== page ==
Not every cut could be top-tier, however, and by oversaturating the marketplace with his albums and singles, Jonesâ¿¿ handlers sent his career off the rails. The singer proved only too happy to help, however, and his legendary alcoholism and wild behavior spiraled out of control. Although some of his run-ins with the law and misbehavior later became the stuff of legend, including him driving a riding lawnmower to a bar when his wife hid the car keys, Jones revealed an appetite for self-destruction and a subsequent carelessness with his relationships and career. After his wife filed for divorce in 1968, Jones moved to Nashville and crossed paths with his female country music equivalent, Tammy Wynette. The talented twosome quickly fell in love and was married on Feb. 16, 1969. When producer Daily and the label thwarted Jonesâ¿¿ stated desire to record with Wynette, long-simmering tensions erupted, resulting in Jones breaking free in 1971. Because he had to sign away the rights to his previous recordings, the label continued to release material after the split.
Signed to his wifeâ¿¿s label, Epic, Jones recorded a series of duets with Wynette that sent both of their careers into the stratosphere. As popular and acclaimed as they were on their own, together they were even more beloved â¿¿ achieving dual chart smashes and sold-out concerts. With his success smoothing some of his rougher honky-tonk edges, Jones was able to apply his impressive voice to ballads, wowing critics with this new artistic dimension to his already famed singing ability. His first solo single on Epic, 1972â¿¿s "We Can Make It," went to No. 2, and that same year he hit it big with Wynette on "The Ceremony" and "Loving You Could Never Be Better." Fans and critics devoured each duet as well as their inherent drama, and the more tempestuous the coupleâ¿¿s real-life relationship became, the more invested in their music listeners were. Although the strong-willed Wynette was dedicated to making the marriage work, Jones and his addictions and demons proved his own worst enemy, and his drug and alcohol abuse eventually became too much for Wynette, who filed for divorce in 1973, claiming physical abuse.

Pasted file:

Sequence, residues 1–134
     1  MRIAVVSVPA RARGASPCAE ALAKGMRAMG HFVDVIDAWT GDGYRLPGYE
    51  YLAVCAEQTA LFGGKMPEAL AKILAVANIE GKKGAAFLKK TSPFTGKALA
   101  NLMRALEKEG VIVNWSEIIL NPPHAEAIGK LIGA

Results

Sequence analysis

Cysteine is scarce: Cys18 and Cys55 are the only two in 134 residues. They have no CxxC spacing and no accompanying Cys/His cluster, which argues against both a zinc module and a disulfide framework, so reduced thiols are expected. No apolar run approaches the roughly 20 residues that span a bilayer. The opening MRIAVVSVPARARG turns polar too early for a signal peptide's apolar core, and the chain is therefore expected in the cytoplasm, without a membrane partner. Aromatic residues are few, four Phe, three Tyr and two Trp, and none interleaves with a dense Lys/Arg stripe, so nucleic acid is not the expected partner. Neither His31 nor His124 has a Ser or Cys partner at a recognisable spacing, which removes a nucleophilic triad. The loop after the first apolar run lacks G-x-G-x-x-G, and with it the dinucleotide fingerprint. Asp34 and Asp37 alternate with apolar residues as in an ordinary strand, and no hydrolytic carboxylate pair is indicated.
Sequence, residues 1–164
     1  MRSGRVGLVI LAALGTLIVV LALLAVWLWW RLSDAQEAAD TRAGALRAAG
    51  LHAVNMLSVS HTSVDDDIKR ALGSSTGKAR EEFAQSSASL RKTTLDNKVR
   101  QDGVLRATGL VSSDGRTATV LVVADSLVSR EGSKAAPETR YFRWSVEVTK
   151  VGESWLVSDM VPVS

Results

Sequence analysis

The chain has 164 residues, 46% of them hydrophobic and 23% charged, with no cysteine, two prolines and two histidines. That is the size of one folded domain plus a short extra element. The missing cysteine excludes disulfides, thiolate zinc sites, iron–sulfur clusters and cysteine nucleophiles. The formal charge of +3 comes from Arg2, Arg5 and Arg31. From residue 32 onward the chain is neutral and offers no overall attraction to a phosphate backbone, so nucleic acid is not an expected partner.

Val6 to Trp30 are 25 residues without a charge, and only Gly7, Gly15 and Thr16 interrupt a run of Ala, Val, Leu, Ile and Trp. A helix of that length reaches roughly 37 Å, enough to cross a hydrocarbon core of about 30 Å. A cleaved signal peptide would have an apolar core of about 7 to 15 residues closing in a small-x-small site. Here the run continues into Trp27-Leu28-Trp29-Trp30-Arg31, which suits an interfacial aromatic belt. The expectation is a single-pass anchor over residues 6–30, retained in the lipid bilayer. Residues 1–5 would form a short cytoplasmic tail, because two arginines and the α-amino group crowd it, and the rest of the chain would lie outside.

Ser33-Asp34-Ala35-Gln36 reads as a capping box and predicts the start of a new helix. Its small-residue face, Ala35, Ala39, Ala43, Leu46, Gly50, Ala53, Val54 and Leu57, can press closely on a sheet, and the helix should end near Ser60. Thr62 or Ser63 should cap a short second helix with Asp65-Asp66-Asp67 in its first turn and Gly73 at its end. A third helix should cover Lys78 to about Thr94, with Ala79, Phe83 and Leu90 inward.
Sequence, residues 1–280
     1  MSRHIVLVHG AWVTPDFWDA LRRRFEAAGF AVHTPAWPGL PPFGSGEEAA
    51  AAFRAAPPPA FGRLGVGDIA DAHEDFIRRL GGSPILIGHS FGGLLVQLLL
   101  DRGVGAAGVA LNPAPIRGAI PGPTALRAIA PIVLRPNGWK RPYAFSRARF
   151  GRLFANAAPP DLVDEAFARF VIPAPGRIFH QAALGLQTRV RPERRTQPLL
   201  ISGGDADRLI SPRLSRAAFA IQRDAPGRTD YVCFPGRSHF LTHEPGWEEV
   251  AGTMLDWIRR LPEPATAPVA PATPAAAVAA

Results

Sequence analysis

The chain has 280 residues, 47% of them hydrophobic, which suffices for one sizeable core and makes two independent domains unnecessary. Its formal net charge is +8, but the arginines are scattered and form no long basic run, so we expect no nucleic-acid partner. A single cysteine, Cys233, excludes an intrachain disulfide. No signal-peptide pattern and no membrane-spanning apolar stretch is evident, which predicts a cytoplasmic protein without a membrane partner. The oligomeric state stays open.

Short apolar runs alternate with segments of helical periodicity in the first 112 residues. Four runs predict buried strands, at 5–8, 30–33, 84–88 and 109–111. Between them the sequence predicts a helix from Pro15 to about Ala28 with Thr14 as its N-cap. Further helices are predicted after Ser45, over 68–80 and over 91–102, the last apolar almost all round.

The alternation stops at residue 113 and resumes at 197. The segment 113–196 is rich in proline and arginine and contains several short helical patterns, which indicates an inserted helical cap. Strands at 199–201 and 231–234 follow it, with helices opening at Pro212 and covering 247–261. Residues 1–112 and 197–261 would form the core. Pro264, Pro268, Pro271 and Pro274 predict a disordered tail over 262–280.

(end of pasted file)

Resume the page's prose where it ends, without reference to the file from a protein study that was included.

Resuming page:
The synergy of the spectacle of two real-life lovers making passionate music about their ups and downs only helped both Wynette and Jones earn the esteem of fans. When the two reconciled, their 1974 duet "Weâ¿¿re Gonna Hold On" soared to No 1. Delighting with joint appearances on shows like "Hee Haw" (CBS, 1969-1971; syndicated, 1972-1992) and with songs like 1974â¿¿s "(Weâ¿¿re Not) The Jet Set," their combined charisma immortalized them among the all-time great couples. Although he had been steadily collecting hits on his own, Jones soon hit the top spot twice in a row with solo singles that cast doubt on the coupleâ¿¿s happiness: "The Grand Tour" and "The Door." As fans breathlessly kept tabs on the two, Jones and Wynette divorced for good. Although he scored two Wynette-inspired Top Ten hits, 1975â¿¿s "These Days (I Barely Get By)" and 1976â¿¿s "Her Name Is," Jones began another professional and personal descent. Jones and Wynette continued to tour and record together, proving their artistic magic was more potent than ever when tinged with real-life heartbreak; they scored two No. 1 singles in 1976, the hauntingly stark "Golden Ring" and "Near You."